[31] The same conclusion was reached by the Saskatchewan Court of Appeal in Saskatchewan Government Insurance v. Nipawin (Town), 1998 CarswellSask 833, [1998] S.J. No. 883, [1999] I.L.R. I-3652, 169 D.L.R. (4th) 713, 172 Sask. R. 245, 185 W.A.C. 245, 7 C.C.L.I. (3d) 159, 85 A.C.W.S. (3d) 674, where Justice Lane stated the law in that province as follows:

11 The Court of Queen’s Bench has followed two paths in its interpretation of s. 108(5) [NS section 32]. The chambers judge chose to follow Shinkaruk v. Ecclesiastical Insurance Office Public Ltd. (1991), 98 Sask. R. 119 (Sask. Q.B.). In that case an insured applied for an order pursuant to s. 108(5) appointing an appraiser and the insurer opposed the application on the basis it would be costly for both parties and would be of no benefit as the insured buildings were already demolished. The insurer further argued a trial was necessary and the appointment of an appraiser would not end the action.

12 After citing a number of authorities including Shinkaruk v. Ecclesiastical Insurance Office Public Ltd., supra and Arlington Investments Ltd. v. Commonwealth Insurance Co. (1985), 8 C.C.L.I. 153 (B.C. C.A.) as well as other cases involving Shinkaruk, the court came to the view, after recognizing the conflicting authorities, there was a discretion and that such discretion to appoint an appraiser “better conforms with the wording of s. 108(5) which states that the court “may” appoint”.

13 The respondent in turn cites the unreported decision of the same Court Pankiw v. Saskatchewan Government Insurance unreported 1986 S.J.334, where on an application pursuant to Queen’s Bench Rule 188(4) for a determination of a point of law both statutory condition no. 11 and s. 108 were considered. It was held that the requirements of statutory condition no. 11 were mandatory and once brought into play there could be no action maintained for recovery under a contract of insurance until the issues in dispute had been determined by an appraisal.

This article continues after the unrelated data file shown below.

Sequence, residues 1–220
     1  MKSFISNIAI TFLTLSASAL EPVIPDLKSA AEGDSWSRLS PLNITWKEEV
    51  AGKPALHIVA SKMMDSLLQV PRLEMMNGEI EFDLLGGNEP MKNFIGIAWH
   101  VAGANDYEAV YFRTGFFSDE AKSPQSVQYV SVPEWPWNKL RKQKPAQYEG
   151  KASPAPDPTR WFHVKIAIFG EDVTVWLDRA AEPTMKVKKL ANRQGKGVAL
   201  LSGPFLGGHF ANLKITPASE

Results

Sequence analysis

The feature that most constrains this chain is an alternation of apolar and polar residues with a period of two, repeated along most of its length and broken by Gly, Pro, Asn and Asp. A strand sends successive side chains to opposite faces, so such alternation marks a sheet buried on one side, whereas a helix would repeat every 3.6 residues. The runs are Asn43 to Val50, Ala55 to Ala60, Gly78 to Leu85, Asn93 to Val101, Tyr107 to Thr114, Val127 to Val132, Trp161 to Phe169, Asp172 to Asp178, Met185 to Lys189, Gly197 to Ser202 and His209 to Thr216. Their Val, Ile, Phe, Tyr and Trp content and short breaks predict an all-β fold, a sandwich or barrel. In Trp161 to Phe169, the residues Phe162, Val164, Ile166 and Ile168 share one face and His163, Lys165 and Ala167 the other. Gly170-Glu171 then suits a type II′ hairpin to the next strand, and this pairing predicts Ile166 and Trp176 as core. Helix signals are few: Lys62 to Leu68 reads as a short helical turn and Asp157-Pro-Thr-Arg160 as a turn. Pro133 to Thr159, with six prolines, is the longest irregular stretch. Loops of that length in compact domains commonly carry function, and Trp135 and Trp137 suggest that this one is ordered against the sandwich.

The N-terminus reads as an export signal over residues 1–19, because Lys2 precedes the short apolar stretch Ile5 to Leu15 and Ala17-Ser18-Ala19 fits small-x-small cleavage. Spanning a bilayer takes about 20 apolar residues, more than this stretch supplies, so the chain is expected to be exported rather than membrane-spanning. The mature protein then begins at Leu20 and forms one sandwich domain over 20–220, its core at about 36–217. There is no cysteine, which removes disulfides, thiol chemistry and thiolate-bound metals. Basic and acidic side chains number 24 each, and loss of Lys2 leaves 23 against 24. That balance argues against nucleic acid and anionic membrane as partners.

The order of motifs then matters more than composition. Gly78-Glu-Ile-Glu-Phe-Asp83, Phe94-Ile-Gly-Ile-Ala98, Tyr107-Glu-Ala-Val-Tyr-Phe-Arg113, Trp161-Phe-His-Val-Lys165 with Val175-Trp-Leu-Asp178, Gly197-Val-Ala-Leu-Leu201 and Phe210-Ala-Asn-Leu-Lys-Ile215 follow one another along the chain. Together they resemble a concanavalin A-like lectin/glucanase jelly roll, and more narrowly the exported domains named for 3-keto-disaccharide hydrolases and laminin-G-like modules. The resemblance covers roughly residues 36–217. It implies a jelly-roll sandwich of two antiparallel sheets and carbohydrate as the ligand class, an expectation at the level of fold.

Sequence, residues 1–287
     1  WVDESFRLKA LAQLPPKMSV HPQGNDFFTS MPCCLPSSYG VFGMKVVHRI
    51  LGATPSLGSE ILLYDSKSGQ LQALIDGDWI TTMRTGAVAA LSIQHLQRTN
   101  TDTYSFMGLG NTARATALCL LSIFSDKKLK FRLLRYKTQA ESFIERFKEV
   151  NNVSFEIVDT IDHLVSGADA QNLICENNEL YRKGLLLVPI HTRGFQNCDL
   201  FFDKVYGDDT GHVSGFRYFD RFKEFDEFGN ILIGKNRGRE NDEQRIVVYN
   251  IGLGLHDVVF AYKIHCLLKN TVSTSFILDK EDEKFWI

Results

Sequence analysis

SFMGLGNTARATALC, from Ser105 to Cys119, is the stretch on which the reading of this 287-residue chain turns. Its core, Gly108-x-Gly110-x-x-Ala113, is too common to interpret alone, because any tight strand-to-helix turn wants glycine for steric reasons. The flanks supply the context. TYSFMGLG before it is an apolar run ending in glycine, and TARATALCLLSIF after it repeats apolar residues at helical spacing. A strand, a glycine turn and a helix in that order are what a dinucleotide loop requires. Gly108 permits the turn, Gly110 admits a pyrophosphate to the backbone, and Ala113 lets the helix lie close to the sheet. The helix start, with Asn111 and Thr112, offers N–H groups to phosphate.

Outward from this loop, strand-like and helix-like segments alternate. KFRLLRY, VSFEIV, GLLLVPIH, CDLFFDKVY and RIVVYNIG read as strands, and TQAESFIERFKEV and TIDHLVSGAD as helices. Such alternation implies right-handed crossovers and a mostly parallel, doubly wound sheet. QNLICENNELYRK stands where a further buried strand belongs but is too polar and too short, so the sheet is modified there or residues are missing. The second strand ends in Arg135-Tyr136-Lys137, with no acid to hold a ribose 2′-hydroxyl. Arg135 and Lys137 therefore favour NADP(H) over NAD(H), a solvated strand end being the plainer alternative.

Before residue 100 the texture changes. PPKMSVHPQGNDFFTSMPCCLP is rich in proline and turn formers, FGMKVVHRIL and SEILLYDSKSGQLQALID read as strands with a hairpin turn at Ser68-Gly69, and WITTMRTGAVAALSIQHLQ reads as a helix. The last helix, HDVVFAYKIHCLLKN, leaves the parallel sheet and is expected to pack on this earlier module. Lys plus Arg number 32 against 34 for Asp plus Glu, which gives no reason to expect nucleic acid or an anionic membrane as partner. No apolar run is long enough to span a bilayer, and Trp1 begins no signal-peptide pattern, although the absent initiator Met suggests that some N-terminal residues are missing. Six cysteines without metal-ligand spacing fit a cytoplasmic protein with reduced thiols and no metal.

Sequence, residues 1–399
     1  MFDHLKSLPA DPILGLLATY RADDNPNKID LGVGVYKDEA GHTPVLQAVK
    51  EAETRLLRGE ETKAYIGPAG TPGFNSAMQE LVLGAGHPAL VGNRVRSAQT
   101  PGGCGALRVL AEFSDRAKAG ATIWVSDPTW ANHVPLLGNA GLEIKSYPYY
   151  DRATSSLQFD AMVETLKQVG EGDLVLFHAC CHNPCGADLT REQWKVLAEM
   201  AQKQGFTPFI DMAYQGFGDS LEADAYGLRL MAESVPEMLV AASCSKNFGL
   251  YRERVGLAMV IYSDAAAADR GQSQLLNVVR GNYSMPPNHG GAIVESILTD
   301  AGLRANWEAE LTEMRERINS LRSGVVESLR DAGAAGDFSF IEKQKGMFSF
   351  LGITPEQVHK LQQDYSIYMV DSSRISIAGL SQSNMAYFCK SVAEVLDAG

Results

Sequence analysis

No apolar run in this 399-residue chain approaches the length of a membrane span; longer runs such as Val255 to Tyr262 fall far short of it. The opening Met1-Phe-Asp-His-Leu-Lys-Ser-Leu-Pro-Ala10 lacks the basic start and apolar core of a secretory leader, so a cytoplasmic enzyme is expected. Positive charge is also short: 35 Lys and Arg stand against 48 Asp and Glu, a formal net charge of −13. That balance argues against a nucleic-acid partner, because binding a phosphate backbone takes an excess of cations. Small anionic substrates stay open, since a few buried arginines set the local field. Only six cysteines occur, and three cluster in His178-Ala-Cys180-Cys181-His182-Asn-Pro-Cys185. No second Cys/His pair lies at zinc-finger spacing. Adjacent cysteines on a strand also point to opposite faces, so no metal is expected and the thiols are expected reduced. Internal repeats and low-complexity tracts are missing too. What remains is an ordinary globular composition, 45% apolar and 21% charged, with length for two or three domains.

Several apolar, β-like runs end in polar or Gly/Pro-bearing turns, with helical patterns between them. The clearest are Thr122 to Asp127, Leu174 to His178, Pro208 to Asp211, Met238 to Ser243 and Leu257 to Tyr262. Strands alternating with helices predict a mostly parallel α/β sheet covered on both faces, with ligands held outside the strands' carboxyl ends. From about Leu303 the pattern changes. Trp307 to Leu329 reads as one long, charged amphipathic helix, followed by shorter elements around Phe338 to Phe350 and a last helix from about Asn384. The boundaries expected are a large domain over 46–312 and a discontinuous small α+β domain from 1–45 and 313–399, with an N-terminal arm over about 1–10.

14 In my view the reasoning in Pankiw is the correct one. The parties agree in their contract of insurance to give effect to a process to encourage a quick settlement of the loss and to facilitate the use of the expertise of an appraiser. The parties agree “before there can be a recovery under this contract whether the right to recover on the contract is disputed or not, and independently of all other questions” to have the value of the insured property, or the property saved, or the amount of the loss, determined by an appraisal. The intention of statutory condition 11 is unambiguous and cannot be unilaterally waived by either the insurer or the insured in the event of a disagreement. The statutory condition to which both parties agreed is clear — there must be an appraisal before there can be any recovery under the policy.